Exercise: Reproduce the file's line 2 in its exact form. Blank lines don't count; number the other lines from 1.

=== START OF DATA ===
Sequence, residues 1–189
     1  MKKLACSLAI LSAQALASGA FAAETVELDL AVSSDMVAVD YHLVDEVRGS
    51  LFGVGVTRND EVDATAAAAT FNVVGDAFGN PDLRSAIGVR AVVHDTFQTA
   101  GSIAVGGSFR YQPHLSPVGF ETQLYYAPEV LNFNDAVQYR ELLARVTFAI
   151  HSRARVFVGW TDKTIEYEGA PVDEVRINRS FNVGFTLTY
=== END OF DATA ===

     1  MKKLACSLAI LSAQALASGA FAAETVELDL AVSSDMVAVD YHLVDEVRGS